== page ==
“A drowning man is not troubled by rain.”
There were stories, of course. Shiro had grown up with them, just like every other avian child: A bird at sea is a bird lost forever. It was worse than being grounded; because once you touched the water, you never came back. They all had that fear trained into them, first with nursery rhymes, and then at the Garrison – what to do to keep your wings dry, to land on earth, on rock: better break your bones than drown.
It was a well-founded fear. And even in his desperation, it makes Shiro falter – the rain and storm roaring above the ship, the water a black mess of crashing sound. He was frozen, bones locked tight, screaming in dread. The salt burned the cuts in his lip, the wind lashing at his skin. Behind him, someone shouted in the midst of a flare of fire; the ship rocks to the side with the hungry crest of the sea.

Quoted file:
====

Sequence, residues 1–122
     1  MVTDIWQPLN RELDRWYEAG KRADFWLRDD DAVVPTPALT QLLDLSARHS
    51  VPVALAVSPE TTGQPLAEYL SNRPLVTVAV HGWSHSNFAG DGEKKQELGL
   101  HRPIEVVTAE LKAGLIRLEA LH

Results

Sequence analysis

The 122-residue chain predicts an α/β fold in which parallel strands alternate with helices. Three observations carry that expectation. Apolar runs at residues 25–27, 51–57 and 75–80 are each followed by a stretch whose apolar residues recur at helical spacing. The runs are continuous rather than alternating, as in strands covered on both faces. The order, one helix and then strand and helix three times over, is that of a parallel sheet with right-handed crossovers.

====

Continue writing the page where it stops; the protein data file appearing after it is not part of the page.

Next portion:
It had been so long since he last flown. He couldn’t fly. Not anymore. Shiro risked a glance back, hand on the rail of the ship. The ship rocks again, and his captors slip – stumbling. Then someone shoots at him – and the bullet clips the arch of his wing in a spray of blood.
The water was slick on his skin, cold on his feathers.
It wasn’t as if they were forbidden to go to the surface.
“Can you stop nagging,” said Lance, swimming around the long shadow of a rock towards the glow of the moon, “There’s no law against hanging around up top. It’s not illegal.”
Hunk swam just behind him. Lance wasn’t sure how his friend was able to make such disapproving hand gestures while swimming so fast. Some innate, undiscovered talent, clearly.
“You’re right, it’s not illegal for merfolk to go up to the surface,” said Hank, “so you know. I’d be fine! But it is illegal for you to go to the surface without telling anyone.”